Based on PLC at Work® and Your Small School
Amid school closures, distance learning, and the uncertainties of COVID-19, it is important for teachers in small schools to focus on what they can control. And key to what can be controlled is clear communication about student learning from one grade level/content team to the next, as we transition from spring 2020 to a new school year this fall.
The summer of 2020 provides educators the opportunity to reflect on equity and access to learning for all students. It is a summer to reflect on and value the work in the classroom as state-mandated testing takes a back seat to teacher assessment.
Transparency around classroom assessment is more important than ever as we take stock of student learning and our ability to offer a guaranteed and viable curriculum in all learning environments, including through a variety of distance learning modes at year end. And especially in preparation for launching students back into quality learning this fall.
A year without state assessments is a year to focus on learning through the lens of teachers as assessment leaders.
Reflecting on learning by thinking of the Four Essential Questions of a PLC is essential, and provides an opportunity to evaluate the systems within our school and our classrooms, with a focus on results and an eye on predicting the future learning needs of cohorts of students.
The Four Essential Questions of a PLC:
- What do we want students to learn? (essential standards)
- How will we know if they have learned? (team-developed common assessments)
- What will we do if they don’t learn? (systematic interventions)
- What will we do if they already know it? (extended learning)
(DuFour, DuFour, Eaker, Many, 2010)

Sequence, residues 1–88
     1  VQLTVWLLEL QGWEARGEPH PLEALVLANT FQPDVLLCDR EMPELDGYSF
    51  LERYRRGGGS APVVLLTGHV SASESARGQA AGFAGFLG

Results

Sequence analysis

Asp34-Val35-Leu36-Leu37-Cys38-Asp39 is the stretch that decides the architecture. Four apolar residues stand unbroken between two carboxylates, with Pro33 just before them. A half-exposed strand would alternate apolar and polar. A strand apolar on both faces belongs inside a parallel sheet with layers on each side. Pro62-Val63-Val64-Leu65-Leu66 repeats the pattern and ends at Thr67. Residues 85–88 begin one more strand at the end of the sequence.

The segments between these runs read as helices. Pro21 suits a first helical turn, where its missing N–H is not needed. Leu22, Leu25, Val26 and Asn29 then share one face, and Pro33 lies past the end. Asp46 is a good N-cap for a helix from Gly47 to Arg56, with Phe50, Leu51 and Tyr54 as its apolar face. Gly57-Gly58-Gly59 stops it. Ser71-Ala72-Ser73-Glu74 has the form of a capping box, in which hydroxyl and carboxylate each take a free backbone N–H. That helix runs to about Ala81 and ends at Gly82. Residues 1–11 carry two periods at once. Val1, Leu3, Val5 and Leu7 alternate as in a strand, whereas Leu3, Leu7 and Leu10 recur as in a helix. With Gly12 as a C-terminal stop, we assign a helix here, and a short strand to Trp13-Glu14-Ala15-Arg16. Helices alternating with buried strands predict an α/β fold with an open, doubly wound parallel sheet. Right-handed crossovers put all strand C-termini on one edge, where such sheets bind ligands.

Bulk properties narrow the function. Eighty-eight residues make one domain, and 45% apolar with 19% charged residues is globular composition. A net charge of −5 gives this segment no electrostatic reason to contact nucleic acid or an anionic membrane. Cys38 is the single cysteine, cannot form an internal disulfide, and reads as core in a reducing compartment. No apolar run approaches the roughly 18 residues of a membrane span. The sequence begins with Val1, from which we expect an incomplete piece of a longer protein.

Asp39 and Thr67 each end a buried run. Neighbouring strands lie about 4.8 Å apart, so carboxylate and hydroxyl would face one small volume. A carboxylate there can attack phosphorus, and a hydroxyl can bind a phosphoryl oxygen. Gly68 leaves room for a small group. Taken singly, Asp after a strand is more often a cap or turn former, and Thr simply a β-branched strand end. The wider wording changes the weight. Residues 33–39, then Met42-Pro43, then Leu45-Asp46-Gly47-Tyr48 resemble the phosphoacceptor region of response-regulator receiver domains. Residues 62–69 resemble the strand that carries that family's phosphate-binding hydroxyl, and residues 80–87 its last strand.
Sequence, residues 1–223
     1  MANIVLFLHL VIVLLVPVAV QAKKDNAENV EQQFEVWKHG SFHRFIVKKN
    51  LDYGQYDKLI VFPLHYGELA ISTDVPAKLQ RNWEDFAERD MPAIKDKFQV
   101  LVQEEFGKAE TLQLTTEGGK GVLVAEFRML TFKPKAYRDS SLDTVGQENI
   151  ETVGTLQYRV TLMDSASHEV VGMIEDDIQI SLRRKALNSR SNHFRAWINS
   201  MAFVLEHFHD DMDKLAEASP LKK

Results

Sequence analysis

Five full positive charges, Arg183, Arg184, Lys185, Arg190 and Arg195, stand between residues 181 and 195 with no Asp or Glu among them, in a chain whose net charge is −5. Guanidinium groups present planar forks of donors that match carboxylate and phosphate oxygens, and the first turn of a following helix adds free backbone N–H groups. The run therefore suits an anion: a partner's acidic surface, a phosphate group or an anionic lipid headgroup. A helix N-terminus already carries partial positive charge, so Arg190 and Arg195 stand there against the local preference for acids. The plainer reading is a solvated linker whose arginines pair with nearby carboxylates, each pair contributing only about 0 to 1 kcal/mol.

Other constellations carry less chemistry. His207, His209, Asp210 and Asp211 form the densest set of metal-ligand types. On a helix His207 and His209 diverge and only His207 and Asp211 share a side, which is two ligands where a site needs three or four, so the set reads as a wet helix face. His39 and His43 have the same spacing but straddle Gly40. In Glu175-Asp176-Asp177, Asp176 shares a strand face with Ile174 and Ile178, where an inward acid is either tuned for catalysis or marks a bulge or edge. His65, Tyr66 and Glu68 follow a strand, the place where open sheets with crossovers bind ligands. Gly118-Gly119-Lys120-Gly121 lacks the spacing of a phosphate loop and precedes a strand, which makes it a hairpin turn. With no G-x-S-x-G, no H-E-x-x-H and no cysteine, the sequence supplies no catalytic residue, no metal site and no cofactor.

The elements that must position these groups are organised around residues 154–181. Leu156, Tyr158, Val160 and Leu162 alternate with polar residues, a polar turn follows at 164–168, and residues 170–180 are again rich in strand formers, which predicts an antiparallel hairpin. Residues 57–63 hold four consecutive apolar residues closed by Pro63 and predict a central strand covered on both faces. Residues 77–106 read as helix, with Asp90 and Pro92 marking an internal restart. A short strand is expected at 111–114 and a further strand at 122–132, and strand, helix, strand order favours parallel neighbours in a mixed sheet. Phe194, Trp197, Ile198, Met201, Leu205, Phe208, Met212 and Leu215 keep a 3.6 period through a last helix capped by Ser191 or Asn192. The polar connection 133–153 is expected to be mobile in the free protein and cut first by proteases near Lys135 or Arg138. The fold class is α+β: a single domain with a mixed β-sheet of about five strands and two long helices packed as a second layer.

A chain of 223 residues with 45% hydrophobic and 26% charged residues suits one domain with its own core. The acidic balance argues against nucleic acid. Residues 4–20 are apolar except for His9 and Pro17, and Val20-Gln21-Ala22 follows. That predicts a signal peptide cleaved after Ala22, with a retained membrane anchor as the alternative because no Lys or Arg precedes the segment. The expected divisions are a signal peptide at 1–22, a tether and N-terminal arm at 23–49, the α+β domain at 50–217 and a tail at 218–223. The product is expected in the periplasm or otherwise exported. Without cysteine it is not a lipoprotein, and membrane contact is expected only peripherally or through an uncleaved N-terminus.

PLC Reflection Question 1:
How many essential learning standards were identified and named on a full-year pacing guide or curriculum at-a-glance document for the past school year?
PLC Reflection Question 2a:
How many of those named and identified essential learnings were assessed by the classroom teacher in the school year just completed?
PLC Reflection Question 2b:
What percentage of students scored proficient/mastery on those essential learnings (as measured by class/school/district proficiency scales or traditional cut scores, via classroom, school or district assessment)?
PLC Reflection Question 3:
As a classroom teacher or building principal, how are you sharing and prioritizing essential learnings not taught and/or not assessed (or with extremely low percentages of proficiency due to school closures/distance learning) with the next grade/content level team to ensure equitable access to the guaranteed and viable curriculum for each cohort of students?
PLC Reflection Question 4:
How are you organizing learning in the new school year to ensure students that did attain grade-level learning and demonstrate solid proficiency/mastery of essential learning—despite school closures/distance learning—are provided opportunities to continue on pace with next-level curriculum as school starts in the fall?
These reflective questions require each classroom teacher or collaborative team of teachers to analyze classroom assessment data through a new filter of importance to ensure student learning is scaffolded to support continued academic growth. This information needs to be passed from one team to the next as our students transition to new grade levels or move forward in sequenced courses.
Now is not the time for educators to have a “woe is me” mentality. We lost a few weeks of teaching, and we lost the opportunity to have our high-quality teachers in front of students to provide face-to-face support and engagement in learning. But let’s also be realistic that within those lost weeks we had planned for days of state/national assessments, field trips, school picnics, end of year assemblies, celebrations, and time for cleaning out rooms/lockers and providing the closure to the year. In reality, we may not have lost as many academic days as we estimate in casual conversations.